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EssayAdam Patrzyk

By Małgorzata Czyńska

An Enfilade

The boundaries between memories and imagination were obliterated ages ago. Actually, how would it be possible for him to remember the suite of rooms? Maybe it was he himself who had created the history of the house by depicting it in every single subsequent painting. Maybe it had become so coherent, logical and plausible that he believed it himself because he had always wanted to do so.

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No one had commissioned the design of the building. No one was paying the rent and keeping the stoves alight. And yet, while walking from room to room and opening doors, he could feel the presence of the household members, even if it was beyond him to remember their faces.

What he did remember very well, however, was bathroom steam muffling the crying of a child being wrapped in white sheets by hands that went red from all the heat. Yes, there must have been a child. ‘A household without a child is like a face with no eyes,’ he was trying to convince himself.

That enormous bath tub was made for intimate situations. Many a time, through the gushing water, he could make out the laughter of a man and a woman. He would never see them as he wouldn’t dare to crack open the door. It was only the steam vapour and scent of soap coming through the crack under the door. Then the steam would settle on the stone floor and make the movements of an old man excessively cautious. He was worried about the old man and about himself. Only after having finally sat on his metal bed in the bedroom would he sigh with relief, content that he had made it again and that the only thing left was bedtime, if he managed to fall asleep, of course.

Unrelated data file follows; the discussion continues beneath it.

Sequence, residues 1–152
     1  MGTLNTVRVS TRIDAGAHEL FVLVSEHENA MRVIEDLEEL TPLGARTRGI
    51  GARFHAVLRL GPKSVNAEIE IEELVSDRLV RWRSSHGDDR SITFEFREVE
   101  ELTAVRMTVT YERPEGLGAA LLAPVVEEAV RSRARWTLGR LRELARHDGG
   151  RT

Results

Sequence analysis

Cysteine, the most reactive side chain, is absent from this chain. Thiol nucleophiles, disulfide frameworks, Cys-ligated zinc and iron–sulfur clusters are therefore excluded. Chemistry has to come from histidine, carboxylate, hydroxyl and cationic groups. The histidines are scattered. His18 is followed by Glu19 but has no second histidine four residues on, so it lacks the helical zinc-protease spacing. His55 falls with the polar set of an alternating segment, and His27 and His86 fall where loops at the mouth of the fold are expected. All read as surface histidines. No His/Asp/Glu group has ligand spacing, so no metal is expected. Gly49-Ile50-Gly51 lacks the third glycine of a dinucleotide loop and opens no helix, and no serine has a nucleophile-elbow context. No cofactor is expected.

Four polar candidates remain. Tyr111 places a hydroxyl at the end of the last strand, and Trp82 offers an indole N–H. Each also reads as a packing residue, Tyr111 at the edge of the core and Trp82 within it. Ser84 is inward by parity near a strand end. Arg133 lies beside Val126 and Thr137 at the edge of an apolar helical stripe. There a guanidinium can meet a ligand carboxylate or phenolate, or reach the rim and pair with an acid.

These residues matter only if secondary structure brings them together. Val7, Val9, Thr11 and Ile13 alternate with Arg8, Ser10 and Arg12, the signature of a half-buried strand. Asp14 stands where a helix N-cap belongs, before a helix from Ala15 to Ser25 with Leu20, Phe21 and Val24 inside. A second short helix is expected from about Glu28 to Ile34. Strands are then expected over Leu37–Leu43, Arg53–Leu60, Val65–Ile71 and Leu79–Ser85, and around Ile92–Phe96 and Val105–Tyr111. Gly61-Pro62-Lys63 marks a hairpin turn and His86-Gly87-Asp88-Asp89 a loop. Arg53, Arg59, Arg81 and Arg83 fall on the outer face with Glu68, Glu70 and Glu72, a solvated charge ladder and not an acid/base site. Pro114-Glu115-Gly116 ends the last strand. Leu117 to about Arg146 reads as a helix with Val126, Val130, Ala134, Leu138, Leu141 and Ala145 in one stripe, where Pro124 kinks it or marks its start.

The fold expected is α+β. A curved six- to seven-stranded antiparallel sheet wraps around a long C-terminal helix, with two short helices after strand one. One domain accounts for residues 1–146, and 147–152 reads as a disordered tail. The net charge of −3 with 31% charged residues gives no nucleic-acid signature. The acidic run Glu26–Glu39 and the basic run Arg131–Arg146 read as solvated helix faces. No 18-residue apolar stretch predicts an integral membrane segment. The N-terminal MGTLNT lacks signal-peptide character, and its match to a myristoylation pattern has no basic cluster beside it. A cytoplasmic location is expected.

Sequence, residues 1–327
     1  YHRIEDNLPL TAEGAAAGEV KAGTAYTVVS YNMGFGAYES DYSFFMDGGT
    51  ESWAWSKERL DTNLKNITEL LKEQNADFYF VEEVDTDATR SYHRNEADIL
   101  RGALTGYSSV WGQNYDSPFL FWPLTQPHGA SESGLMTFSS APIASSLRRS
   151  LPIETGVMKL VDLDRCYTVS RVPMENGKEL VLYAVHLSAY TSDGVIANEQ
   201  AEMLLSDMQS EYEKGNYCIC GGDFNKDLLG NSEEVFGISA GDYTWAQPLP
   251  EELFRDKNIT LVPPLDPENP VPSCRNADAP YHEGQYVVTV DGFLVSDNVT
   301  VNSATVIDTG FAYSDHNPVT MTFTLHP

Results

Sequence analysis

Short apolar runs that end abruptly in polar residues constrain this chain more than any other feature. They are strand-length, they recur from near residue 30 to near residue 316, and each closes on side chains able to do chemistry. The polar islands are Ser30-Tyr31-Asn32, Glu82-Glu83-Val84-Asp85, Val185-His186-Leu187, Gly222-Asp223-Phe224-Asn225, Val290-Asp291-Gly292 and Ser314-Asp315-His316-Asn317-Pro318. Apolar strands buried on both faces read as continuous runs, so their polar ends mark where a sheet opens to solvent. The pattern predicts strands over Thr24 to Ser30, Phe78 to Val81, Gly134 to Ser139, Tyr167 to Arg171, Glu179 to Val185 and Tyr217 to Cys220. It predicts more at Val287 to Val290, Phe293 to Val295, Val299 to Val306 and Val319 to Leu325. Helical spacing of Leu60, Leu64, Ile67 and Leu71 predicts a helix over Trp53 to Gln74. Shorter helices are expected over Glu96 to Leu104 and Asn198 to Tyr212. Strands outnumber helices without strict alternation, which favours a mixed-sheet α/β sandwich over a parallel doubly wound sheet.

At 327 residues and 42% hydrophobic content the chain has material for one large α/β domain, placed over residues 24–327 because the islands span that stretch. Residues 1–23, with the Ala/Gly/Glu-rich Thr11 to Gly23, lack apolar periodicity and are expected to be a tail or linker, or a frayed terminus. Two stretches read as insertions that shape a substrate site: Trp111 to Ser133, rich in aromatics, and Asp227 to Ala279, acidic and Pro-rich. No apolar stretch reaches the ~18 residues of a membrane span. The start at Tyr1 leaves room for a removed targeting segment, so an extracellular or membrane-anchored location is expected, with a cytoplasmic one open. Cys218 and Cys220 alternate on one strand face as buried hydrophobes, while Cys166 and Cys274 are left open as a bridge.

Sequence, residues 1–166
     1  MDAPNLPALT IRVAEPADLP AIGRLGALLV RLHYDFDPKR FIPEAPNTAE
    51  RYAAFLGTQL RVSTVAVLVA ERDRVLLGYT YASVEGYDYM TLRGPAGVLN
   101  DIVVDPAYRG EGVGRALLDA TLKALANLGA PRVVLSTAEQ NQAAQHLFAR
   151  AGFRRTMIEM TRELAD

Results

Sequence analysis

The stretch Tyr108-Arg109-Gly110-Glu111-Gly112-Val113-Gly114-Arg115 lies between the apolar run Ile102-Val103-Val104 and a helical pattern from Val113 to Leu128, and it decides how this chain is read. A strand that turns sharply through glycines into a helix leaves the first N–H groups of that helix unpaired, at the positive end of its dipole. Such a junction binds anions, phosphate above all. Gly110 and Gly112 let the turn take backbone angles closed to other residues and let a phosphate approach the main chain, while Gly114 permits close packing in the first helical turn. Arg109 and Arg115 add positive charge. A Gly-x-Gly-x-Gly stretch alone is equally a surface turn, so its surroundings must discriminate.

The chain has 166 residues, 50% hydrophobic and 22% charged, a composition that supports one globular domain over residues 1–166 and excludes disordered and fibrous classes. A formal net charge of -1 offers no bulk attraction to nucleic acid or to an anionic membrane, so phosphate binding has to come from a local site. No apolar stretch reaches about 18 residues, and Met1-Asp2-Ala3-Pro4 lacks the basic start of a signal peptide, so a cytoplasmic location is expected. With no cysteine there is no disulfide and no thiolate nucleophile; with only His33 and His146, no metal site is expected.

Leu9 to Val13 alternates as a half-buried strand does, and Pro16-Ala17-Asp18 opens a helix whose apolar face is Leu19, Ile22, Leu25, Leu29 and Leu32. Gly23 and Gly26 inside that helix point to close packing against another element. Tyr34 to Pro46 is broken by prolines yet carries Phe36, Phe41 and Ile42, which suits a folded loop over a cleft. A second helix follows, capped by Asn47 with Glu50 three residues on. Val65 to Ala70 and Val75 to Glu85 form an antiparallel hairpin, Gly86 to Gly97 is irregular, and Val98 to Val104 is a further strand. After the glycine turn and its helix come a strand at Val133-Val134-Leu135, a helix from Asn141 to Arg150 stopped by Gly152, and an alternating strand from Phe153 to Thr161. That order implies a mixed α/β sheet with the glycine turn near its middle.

The passage of time has taken over every nook and cranny of the house.

Probably no one ever ran there, no one slammed doors and the window panes always reflected the same inky night sky. Or maybe it was just his memory of the house. ‘There was a child there, after all,’ he was thinking and trying to introduce a patter of little feet to break the suddenly omnipresent silence, to hear the footsteps of the lovers and the shuffling of the old man’s feet.

‘It’s my fault,’ he thought. Perhaps in different memories the music room was more than just a picture of an abandoned cello that he never had the courage to put back into its case. He would think he had no right to do so since it would probably offend the missing musician.

The library intimidated him. ‘Those towering bookshelves,’ he thought. He knew all the books although he never read them. He would only slide his hand over their spines while walking around the bookcases. He was getting more convinced it was warmth that he could feel then.

Sometimes he would stand by the wall opposite the window and observe the neighbouring houses from a distance. He wondered what their bathrooms, living rooms and libraries looked like, what kind of life was being led somewhere else and whether there was any life there, since one couldn’t be sure of anything on that inky night – only the floor under one’s feet and the wall behind one’s back. Then he would quietly close all the doors.

He knew he would come back.